The first decade of my career mainly focused on the ways in which China (and a variety of correlates each working to undermine the geographic, cultural, or political singularity of the word “China”) have affected the intellectual, literary, and cultural history of the West (similarly undermined). My first book, Chinese Dreams (Michigan, 2004), centers on the politics of translation and theatrical representation, attending to examples in English, German, and French. My second book, The Hypothetical Mandarin: Sympathy, Modernity, and Chinese Pain (Oxford, 2009) ties the “invention” of the universal subject of a globalizing modernity to a series of legal, literary, sociological, medical, and photographic relations to Chinese suffering (here the national sites are England, the US, France, Austria and, though briefly, China itself). In some sense the trajectory of these two projects can be mapped as an expansion of my interests from “modernism” to “modernity.” (Chinese discussion of the translaton by Yuan Jian , with an interview with me, is here.)
My third book, On Literary Worlds (Oxford, 2012) retheorized the literary history of the past four hundred years (more or less!) by developing new ways of thinking about literary worldedness and its historical function. A video of a talk on the third chapter of the book, which criticizes the ways universities institutionalize literary history, appears here; LARB review here; interview with Carla Nappi here; Pittsburgh Q&A here.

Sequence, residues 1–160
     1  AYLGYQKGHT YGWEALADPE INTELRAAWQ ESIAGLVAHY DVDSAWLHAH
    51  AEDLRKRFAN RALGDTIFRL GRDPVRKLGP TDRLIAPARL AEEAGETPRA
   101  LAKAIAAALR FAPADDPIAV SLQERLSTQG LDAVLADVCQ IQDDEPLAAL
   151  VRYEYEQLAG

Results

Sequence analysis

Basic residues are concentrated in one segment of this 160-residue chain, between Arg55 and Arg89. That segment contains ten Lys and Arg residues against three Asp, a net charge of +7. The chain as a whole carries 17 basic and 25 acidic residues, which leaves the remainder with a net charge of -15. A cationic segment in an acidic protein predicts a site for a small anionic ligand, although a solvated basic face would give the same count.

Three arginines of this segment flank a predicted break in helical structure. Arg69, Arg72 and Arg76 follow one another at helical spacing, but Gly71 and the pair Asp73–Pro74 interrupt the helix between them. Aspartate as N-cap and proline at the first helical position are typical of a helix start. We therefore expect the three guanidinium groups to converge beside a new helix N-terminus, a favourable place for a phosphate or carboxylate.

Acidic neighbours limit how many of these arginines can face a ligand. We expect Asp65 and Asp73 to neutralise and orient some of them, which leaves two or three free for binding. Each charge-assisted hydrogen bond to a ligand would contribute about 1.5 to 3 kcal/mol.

My latest book, The Elements of Academic Style: Writing for the Humanities, is due out from Columbia University Press in the summer of 2014. The book is a guide to the psychology, ethos, and practice of writing literary scholarship today.
I also edit a book series for Oxford, “Global Asias,” and have served as President of the American Comparative Literature Association (2013-14). I’m working on an edited collection of essays with Rebecca Walkowitz; tentative title, A New Vocabulary for Global. I am a member of the Editorial Collective of the new journal Verge: Studies in Global Asias (published by University of Minnesota Press), whose first issue will appear in 2015.
In my spare time I do a lot of cycling; in April-May 2013, I rode from Irvine, California to Springfield, Illinois (about 2200 miles in 19 days).
I have published essays on contemporary fiction and poetry, often but not always considering texts involving Asia and the United States, and have written on (and co-edited a journal issue about) virtual worlds and online games. I have contributed on and off to Printculture since its founding in 2005.
At Penn State, my classes range from first-year seminars on the process of literary reading to graduate courses on globalization and diaspora; I also have taught or plan to teach courses on comparative modernisms, the history of modernity, poetry and poetics, Asian American studies, Marx, the history of the novel, and video games; I’ve also taught at the University of Heidelberg, Princeton, UCLA, the University of Arizona, and the University of Northern Iowa. From 2008-2012 I directed Penn State’s program in Asian Studies.